Published 05 June 2019
Australian Centre for Contemporary Art
Art Gallery of South Australia
Published 16 May 2019
Published 15 May 2019
24 February – 30 April 2019
Published 17 April 2019
South Australian Museum
Published 16 April 2019
Bathurst Regional Art Gallery
Published 23 January 2019
Published 22 January 2019
Exhibition review Fania
Curated by Erica Green
University of South Australia Art Museum
28 July - 27 August 1994
The major Australian Memorials to war and the memory of death in war, are widely perceived to be the province of male citizens, sculptors and architects. Women sculptors in the main were not awarded the major memorial commissions, and women citizens have been largely absent from the major rituals and ceremonies of commemoration.
Published December 1994
Traditions and rituals of mourning for the dead are common to most cultural groups and societies; mourning of the dead is even seen in some animal species.
Images of death explored in the context of the exhibition 600,000 hours (mortality) held at the Experimental Art Foundation, Adelaide South Australia October 1994.
Looks at the work of James K Baxter 1926 - 1972 (poet) Colin McCahon 1919 - 1987 (artist) both of whom found in travel through New Zealand recurrent metaphor's for life's journey. The principle referent in their work was death.
Although one would expect the field of war art to be generously littered with dead bodies, this is not the case. Instead death has been presented circumspectly, through the rituals surrounding it or through metaphor.
On 17 March 1993, the body of photographer Angelo Campana was discovered in the burnt out remains of the newly opened IEG Waste Recycling Plant in Corrimal. According to the coroner's report, his death had not been caused by this fire, but from fatal head injuries incurred by the deceased's head being repeatedly bashed with a theodolite. This is the immediate crime which is appears to be investigated in Dennis Del Favero's sleuthian compilation of words and images, objects and installations called 'Prima Facie'.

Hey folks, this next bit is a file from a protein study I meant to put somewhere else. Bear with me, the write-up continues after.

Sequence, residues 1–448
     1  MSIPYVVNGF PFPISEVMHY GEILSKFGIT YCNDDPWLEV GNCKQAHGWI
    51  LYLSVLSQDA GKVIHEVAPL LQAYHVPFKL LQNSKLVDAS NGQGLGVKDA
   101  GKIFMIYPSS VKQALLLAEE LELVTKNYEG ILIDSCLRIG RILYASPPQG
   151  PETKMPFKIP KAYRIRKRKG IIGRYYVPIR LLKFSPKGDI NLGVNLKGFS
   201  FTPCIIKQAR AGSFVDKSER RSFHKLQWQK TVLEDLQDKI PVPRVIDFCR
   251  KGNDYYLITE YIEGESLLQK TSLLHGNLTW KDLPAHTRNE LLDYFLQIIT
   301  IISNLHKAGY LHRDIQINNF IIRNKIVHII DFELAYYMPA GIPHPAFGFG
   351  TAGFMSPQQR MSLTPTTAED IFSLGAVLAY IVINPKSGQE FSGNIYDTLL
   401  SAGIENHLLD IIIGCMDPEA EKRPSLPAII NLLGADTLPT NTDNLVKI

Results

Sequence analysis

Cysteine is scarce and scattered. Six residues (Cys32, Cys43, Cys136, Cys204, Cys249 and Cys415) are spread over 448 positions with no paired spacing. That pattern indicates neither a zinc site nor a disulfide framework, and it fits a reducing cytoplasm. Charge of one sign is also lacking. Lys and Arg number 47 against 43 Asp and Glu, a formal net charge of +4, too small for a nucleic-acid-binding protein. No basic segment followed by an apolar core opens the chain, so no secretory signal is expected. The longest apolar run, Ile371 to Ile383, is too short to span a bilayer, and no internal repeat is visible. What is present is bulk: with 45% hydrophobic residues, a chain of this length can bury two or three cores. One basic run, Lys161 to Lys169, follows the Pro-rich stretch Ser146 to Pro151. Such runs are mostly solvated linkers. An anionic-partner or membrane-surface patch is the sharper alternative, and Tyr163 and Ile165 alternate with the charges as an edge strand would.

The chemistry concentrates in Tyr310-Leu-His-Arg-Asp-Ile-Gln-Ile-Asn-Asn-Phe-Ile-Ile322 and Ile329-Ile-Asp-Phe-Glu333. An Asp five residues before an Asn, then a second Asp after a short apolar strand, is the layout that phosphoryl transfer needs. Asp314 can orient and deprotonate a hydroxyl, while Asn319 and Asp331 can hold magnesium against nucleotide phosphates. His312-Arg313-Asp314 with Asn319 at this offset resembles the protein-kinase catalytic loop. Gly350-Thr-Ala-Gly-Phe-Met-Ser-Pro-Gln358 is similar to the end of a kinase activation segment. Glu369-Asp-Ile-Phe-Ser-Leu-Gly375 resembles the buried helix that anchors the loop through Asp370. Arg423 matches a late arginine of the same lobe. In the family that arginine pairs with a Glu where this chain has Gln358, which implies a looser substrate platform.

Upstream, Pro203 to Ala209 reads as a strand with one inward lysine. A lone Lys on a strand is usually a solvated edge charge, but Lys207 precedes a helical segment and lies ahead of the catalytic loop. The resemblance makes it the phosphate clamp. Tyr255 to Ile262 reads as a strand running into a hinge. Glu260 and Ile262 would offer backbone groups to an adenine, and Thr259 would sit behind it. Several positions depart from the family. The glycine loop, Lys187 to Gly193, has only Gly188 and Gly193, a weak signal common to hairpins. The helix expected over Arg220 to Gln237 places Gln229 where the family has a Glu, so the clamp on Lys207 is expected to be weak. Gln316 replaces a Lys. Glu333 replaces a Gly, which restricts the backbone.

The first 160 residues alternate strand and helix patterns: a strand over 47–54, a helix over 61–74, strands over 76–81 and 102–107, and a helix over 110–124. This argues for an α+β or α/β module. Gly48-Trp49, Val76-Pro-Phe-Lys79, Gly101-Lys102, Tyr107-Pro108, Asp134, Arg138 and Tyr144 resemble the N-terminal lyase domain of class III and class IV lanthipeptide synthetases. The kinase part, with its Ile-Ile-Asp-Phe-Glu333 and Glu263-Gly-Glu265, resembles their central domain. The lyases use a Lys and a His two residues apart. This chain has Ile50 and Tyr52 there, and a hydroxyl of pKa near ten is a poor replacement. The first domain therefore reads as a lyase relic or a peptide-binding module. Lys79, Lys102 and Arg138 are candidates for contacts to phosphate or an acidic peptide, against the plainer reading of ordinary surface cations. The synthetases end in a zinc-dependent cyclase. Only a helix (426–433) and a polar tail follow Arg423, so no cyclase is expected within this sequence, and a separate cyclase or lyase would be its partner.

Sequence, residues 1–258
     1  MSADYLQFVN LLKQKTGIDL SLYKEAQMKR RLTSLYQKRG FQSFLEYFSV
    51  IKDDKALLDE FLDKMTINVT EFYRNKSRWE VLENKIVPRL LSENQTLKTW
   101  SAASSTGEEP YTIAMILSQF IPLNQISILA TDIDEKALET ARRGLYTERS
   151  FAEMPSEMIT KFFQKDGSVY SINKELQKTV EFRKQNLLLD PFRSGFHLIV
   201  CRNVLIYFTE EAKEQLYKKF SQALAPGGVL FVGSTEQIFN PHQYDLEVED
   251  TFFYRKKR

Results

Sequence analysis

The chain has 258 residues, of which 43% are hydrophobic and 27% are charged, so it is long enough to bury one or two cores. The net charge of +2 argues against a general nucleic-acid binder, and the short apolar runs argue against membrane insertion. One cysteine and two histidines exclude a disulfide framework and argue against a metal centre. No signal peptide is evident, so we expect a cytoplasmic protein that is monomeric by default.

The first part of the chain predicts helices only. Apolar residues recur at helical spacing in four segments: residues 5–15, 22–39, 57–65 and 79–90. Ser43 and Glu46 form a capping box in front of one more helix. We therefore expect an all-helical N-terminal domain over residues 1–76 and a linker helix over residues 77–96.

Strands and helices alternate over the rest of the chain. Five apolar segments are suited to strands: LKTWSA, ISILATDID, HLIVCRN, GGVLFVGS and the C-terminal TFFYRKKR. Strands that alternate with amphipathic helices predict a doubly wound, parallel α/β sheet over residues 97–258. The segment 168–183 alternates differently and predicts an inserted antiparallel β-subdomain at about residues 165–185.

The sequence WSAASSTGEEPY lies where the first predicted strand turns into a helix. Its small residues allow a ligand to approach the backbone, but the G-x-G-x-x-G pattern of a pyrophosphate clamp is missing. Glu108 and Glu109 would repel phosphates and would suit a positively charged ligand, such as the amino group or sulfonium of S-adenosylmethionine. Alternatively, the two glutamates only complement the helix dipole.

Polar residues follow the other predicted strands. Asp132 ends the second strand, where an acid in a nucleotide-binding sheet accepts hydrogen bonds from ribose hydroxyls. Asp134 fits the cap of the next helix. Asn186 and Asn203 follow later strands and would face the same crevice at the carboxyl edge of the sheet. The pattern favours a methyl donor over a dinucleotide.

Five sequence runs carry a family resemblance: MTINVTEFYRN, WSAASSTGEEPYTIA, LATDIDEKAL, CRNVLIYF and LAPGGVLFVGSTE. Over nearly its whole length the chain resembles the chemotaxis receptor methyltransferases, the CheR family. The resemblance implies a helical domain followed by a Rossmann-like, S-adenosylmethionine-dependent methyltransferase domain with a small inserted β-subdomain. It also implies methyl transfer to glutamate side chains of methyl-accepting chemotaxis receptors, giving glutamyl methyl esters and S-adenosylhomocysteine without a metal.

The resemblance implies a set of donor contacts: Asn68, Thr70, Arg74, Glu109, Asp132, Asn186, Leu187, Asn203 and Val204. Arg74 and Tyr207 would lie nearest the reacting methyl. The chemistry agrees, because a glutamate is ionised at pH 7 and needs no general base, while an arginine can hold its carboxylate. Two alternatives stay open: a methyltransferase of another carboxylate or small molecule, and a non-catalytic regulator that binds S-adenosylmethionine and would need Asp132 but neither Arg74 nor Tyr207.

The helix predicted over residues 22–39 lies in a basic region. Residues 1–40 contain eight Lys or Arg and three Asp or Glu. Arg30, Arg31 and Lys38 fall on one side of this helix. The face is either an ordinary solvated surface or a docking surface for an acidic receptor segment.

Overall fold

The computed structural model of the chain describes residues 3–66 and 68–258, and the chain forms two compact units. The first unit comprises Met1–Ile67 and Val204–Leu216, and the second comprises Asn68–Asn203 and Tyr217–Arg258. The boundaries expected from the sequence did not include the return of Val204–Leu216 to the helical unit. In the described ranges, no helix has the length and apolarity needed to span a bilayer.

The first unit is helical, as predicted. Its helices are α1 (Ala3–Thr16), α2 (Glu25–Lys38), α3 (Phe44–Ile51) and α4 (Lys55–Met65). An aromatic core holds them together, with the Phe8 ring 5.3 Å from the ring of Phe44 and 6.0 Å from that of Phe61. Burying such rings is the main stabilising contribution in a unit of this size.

Exhibition review Familiarity? Re-examining Australian Suburbia
Mikala Dwyer, Michele Beevors, Glen Clarke, Elizabeth Woods, Tony Schwenson and Aleks Danko
Curated by Brian Parkes
Plimsoll Gallery, University of Tasmania
23 September - 16 October 1994
The cinema's ability to represent death - the act of dying, bodily transformations, decay, the corpse - in astonishing realistic terms helps to explain why film, the moving rather than the static image, has become the central depository of death narratives (ancient and modern) in contemporary culture.
Across much of Aboriginal Australia the announcement of a death is followed by profound communal mourning, the removal or destruction of the deceased's belongings and most significantly a prohibition on the use of the deceased's name.
Examination of the installation Tursiops by Brian Blanchflower which refers to the brutal heritage of Western Australia's first settlement at Albany which had a large whaling station until the late 1970s.
Examination of the issues addressed at the conference which accompanied the exhibition 600,000 hours (mortality).
Book review Contemporary Australian Architecture
Photography by Scott Frances
Basel/East Roseville: Gordon and Breach International/Craftsman House 1994 241 pp